Northern Uganda Leaders Condemn Rebel Massacres
Appeal for Help From Government and World Community
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LIRA, Uganda, NOV. 20, 2003 (Zenit.org).- Religious leaders of the Acholi and Lango ethnic groups condemned the massacre of 53 people by rebels in the area around the northern town of Lira.
"We are horrified by the loss of so many human lives; life is God's precious gift that no one has the right to take," they said in a note sent to the Missionary Service News Agency.
Rebels of the Lord's Resistance Army carried out their attacks on four villages late Monday and early Tuesday. Lira continues to be one of the areas most targeted by the LRA rebels, despite the military reinforcements recently sent to the province.
"We call upon the government of Uganda, which has the responsibility of protecting the civilian population, to take the matter seriously," the religious leaders stressed.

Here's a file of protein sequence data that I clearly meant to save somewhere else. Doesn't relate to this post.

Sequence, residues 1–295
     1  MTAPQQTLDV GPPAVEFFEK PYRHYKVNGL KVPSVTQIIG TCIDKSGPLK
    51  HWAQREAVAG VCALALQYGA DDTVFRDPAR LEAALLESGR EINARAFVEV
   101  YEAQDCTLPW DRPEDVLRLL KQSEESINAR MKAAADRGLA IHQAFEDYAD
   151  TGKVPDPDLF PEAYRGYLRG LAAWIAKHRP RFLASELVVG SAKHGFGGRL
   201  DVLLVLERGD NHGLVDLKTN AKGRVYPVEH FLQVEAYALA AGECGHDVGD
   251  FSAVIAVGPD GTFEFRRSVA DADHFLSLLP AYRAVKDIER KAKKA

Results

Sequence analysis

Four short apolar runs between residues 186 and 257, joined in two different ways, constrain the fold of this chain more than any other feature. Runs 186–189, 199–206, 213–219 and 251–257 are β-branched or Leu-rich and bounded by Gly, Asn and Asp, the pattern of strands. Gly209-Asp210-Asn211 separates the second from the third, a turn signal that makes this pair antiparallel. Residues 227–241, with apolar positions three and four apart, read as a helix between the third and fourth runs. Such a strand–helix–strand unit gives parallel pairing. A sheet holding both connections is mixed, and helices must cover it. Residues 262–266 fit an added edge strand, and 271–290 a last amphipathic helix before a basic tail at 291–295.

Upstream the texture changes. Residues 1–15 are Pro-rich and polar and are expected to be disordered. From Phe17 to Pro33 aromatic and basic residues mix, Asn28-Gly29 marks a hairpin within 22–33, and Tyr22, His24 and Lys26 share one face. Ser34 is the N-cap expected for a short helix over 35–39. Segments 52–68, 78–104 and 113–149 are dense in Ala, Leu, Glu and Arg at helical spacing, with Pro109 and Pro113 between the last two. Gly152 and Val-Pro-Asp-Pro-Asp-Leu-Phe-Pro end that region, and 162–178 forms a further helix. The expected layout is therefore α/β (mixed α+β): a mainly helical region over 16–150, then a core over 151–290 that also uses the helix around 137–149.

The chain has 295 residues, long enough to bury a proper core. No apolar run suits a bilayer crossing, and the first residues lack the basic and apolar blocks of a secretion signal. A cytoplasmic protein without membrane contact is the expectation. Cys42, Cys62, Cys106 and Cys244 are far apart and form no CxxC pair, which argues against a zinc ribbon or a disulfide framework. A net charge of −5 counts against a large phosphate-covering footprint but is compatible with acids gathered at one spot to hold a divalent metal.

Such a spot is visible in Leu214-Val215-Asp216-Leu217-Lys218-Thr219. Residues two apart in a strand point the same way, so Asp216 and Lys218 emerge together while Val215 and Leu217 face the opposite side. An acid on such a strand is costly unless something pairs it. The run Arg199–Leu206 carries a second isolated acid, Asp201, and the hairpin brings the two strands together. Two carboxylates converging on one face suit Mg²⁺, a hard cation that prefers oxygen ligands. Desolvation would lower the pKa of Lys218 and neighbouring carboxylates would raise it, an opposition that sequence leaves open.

For the last two weeks, the northern district has been the scene of numerous LRA rebel incursions in the rural villages surrounding Lira, constantly claiming lives of defenseless civilians.
Expressing their condolences to the families of the victims, the religious leaders said that they "will continue to work tirelessly for a peaceful solution to the conflict in northern and eastern Uganda," adding that "it is important that people stay calm" and "not take justice into their hands."
The Acholi and Lango religious leaders appealed to the international community not to ignore the situation and to go beyond "nice statements," because refugees in Lira, whose population has grown from 100,000 to 450,000 in a short time, are in need of urgent humanitarian aid.
For their part, 34 Lango and Acholi deputies of the Lira and Apac districts in northern Uganda walked out of Parliament on Wednesday in protest against the recent LRA wave of violence.
Omara Atubo, a Lira parliamentarian, said that the Lango parliamentarians would not return to Parliament until the government offers adequate solutions to the humanitarian crisis in northern Ugandan districts.
Ugandan President Yoweri Museveni, accused by many of having underestimated the LRA threat, was expected in Lira today.
The LRA, headed by Joseph Kony, has been devastating the northern Ugandan districts since 1986. Kony's men have killed at least 100,000 people, kidnapped more than 20,000 children, and displaced over a million.